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Synthesis of lipid membranes for artificial cells

Abstract

A major goal of synthetic biology is to understand the transition between non-living matter and life. The bottom-up development of an artificial cell would provide a minimal system with which to study the border between chemistry and biology. So far, a fully synthetic cell has remained elusive, but chemists are progressing towards this goal by reconstructing cellular subsystems. Cell boundaries, likely in the form of lipid membranes, were necessary for the emergence of life. In addition to providing a protective barrier between cellular cargo and the external environment, lipid compartments maintain homeostasis with other subsystems to regulate cellular processes. In this Review, we examine different chemical approaches to making cell-mimetic compartments. Synthetic strategies to drive membrane formation and function, including bioorthogonal ligations, dissipative self-assembly and reconstitution of biochemical pathways, are discussed. Chemical strategies aim to recreate the interactions between lipid membranes, the external environment and internal biomolecules, and will clarify our understanding of life at the interface of chemistry and biology.

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Fig. 1: Prebiotic lipid synthesis.
Fig. 2: Prebiotic self-assembly of single-chain amphiphiles.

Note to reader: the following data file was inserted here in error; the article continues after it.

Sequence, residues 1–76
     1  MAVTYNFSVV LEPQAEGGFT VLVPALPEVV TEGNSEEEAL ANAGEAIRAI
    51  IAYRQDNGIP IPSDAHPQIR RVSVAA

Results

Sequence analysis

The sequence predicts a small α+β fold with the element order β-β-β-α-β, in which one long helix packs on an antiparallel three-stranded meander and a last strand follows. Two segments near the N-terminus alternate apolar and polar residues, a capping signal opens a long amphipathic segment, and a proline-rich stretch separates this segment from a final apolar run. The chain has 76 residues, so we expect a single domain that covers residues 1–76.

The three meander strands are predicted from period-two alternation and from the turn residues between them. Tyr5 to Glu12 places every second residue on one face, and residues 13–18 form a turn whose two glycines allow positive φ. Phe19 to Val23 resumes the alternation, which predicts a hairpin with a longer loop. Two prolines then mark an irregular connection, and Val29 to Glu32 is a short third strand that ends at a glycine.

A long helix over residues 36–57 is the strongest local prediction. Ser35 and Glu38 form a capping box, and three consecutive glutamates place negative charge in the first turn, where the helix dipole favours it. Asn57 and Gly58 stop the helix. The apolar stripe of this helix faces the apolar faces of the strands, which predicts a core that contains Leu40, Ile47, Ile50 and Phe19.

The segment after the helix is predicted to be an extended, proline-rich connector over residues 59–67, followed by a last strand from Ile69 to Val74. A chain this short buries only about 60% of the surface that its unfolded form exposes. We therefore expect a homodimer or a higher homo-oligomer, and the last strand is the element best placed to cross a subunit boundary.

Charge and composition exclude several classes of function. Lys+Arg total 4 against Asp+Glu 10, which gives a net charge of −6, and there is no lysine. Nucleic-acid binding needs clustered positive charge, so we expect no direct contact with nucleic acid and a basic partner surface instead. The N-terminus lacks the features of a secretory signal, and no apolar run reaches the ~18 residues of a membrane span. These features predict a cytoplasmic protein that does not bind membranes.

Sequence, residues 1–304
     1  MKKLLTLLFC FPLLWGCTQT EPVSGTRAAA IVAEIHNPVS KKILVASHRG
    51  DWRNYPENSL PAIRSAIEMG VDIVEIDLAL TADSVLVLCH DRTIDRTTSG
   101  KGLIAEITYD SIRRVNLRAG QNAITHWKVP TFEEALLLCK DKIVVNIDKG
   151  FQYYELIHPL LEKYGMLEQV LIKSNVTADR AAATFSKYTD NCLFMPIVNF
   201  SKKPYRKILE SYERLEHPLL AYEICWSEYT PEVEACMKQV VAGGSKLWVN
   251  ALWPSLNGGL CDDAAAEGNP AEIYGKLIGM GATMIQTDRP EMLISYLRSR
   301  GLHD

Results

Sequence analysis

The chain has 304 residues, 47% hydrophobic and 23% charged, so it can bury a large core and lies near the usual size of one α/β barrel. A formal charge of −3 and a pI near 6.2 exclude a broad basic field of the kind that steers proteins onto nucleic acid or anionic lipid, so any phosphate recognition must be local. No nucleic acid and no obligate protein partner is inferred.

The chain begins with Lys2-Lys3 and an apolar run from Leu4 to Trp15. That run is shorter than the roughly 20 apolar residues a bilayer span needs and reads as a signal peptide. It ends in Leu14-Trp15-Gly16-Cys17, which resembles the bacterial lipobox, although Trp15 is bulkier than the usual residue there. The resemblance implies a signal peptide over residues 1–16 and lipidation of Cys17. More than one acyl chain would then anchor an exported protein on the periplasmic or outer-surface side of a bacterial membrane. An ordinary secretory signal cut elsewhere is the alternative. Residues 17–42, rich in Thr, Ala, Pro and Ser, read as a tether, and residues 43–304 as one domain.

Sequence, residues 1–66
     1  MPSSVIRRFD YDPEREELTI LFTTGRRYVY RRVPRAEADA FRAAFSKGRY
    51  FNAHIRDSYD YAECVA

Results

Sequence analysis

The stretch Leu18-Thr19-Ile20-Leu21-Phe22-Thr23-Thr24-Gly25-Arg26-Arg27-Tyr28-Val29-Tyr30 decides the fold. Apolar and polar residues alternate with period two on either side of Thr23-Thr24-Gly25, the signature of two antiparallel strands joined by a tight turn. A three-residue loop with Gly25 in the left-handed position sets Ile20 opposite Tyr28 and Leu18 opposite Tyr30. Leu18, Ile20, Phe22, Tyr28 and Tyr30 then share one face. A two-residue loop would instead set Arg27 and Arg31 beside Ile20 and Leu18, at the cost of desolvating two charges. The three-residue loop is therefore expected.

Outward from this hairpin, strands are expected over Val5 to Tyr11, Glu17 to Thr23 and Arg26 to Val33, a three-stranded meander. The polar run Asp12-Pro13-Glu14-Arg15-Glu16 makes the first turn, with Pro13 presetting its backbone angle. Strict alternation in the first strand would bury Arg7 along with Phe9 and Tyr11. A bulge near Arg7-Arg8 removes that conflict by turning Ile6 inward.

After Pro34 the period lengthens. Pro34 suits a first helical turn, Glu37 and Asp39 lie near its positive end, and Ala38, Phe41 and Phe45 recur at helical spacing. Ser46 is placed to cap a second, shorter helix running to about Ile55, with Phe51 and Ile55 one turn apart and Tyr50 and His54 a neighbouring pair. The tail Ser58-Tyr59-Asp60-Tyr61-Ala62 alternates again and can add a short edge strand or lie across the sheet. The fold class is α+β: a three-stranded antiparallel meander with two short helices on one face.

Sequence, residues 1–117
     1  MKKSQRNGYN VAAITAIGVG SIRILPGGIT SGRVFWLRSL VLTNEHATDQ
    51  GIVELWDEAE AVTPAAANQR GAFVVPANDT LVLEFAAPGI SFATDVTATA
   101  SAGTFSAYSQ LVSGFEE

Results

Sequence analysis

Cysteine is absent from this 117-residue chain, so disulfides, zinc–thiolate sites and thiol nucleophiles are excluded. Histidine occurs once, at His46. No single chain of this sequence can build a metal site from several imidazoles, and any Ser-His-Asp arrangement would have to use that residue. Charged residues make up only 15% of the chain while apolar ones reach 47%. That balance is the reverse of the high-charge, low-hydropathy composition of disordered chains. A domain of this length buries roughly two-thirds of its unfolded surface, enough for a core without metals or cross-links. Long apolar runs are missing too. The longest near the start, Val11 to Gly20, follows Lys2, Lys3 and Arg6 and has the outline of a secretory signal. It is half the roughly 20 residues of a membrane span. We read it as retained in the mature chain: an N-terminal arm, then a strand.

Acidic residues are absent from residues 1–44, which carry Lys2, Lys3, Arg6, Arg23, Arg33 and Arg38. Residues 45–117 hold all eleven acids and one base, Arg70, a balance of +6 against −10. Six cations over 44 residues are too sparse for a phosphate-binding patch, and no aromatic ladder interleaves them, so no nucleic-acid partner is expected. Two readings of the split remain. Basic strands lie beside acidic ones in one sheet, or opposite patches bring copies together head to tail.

Fig. 3: De novo formation of lipid compartments.
Fig. 4: Autocatalysis and dissipative self-assembly.
Fig. 5: Control of vesicle self-assembly, aggregation and hierarchical order.
Fig. 6: The compartmentalized central dogma of biology.
Fig. 7: Life-like phenotypes of artificial cells.

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Acknowledgements

This work was supported by US National Science Foundation grant EF-1935372. The authors thank J. R. Winnikoff for helpful manuscript edits prior to submission and image inspiration, and A. Fracassi and R. J. Brea for their critical reading of the manuscript.

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K.A.P. drafted the manuscript and figures. K.A.P. and N.K.D. discussed, wrote and edited the manuscript prior to submission.

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Correspondence to Neal K. Devaraj.

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Glossary

Protocells

Primitive, abiotic ‘original’ cells. In synthetic biology, refers to self-assembling chemical systems with life-like characteristics.

Kennedy pathway

Biochemical pathway for the de novo synthesis of phosphatidylethanolamine and phosphatidylcholine in cells; this was the first pathway elucidated for phospholipid biosynthesis.

Lands cycle

Biochemical pathway of deacylation and reacylation for the remodelling of phospholipids.

Autopoiesis

From the Greek auto ‘self’ and poiesis ‘formation’: a property of a system that enables maintenance and reproduction of itself through self-regulation.

Organelles

Specialized subcellular structures that perform specific functions for the cell.

In vitro transcription and translation

(TXTL). A cell-free system of minimal biochemical components necessary to synthesize a protein from a DNA template.

Proteoliposomes

Liposomes in which proteins have been incorporated in the membrane.

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Podolsky, K.A., Devaraj, N.K. Synthesis of lipid membranes for artificial cells. Nat Rev Chem 5, 676–694 (2021). https://doi.org/10.1038/s41570-021-00303-3

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